To your home insurance provider, there is almost nothing more important than your roof. Many insurers simply won't cover homes with a roof more than 20 years old. Others may choose not to renew your policy if your roof reaches that age and does not pass inspection.
Keeping your roof in good condition — and possibly replacing it every two decades — is paramount to keeping your home insurance. More importantly, it is paramount to keeping your home safe.
Do I Need A Whole New Roof?
If you can bring your roof up to spec and pass inspection, you don't need to go to the expense of replacing the whole thing. Of course, it's going to be a lot easier to keep your roof up to spec if you conduct regular maintenance and make repairs as soon as they're needed. If you wait 10 years before you even look at it, you're probably going to find that getting a new roof is cheaper than repairing what you already have.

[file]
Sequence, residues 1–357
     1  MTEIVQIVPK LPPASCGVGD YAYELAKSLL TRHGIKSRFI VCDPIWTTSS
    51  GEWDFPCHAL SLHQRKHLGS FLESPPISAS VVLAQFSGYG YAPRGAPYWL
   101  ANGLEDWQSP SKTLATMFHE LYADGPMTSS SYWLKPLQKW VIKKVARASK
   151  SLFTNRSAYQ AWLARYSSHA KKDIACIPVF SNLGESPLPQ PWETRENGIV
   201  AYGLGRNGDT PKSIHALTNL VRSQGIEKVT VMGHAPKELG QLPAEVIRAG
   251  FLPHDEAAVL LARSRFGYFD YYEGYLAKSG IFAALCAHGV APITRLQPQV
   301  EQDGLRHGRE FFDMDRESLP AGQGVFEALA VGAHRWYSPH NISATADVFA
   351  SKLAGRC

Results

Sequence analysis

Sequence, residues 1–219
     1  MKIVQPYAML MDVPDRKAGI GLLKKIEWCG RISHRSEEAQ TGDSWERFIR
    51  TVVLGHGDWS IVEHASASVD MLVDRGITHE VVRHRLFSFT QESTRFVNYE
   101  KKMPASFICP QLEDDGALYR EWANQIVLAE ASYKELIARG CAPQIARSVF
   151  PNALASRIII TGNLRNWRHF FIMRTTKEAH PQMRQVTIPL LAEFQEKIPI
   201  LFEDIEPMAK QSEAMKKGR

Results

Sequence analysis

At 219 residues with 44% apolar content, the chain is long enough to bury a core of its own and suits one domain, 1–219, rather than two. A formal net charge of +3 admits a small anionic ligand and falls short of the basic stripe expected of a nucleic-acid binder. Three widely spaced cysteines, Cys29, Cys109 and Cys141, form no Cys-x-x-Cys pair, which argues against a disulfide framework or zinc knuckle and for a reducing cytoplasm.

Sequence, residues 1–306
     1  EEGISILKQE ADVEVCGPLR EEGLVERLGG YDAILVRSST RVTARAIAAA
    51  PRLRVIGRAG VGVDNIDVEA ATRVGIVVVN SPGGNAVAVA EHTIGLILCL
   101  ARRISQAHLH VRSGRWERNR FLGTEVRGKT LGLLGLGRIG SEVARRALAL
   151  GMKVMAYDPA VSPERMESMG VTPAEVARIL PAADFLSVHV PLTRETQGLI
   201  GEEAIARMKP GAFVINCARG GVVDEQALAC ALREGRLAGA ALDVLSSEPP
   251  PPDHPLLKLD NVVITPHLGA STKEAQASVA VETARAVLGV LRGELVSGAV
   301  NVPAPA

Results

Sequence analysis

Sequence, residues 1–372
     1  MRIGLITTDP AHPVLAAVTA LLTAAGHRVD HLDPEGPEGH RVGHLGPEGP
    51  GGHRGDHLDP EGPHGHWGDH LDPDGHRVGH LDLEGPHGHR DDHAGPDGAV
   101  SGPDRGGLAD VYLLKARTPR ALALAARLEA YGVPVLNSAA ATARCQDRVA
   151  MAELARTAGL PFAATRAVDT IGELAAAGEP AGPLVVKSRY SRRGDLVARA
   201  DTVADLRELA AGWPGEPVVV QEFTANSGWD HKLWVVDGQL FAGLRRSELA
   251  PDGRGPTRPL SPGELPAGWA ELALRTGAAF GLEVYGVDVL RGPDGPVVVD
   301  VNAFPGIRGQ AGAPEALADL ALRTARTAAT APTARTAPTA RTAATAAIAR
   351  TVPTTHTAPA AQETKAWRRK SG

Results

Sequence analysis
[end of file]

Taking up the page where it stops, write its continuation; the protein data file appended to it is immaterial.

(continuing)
What's Wrong With The Roof?
The roof of your home looks simple enough — a basic A-frame to block wind and deflect rain. You have your shingles and gutters, but there are not a whole lot of moving parts. Still, like many features of your home, your roof is a little more complicated than it looks.
Talk to a professional roofer and you're going to hear the word "system" being thrown around a lot. There is, indeed, a system in place. Your roof can trap heat and moisture, making it one of the most mold-prone parts of your home. The shingles can trap water underneath and rot the wood underneath. Everything about your roof is designed within a system to ensure a dry, well-ventilated whole.
When a roof starts to fall apart — or worse, collapses — everything in the house is at risk. If this happens, many insurers will not pay for a new roof even on a valid claim. Even worse, they'll pay for whatever your old roof was worth, which won't be enough to build a new one.
To your insurer, the roof may well be the most important part of your home. Keep it dry, keep it ventilated and don't put off repairs.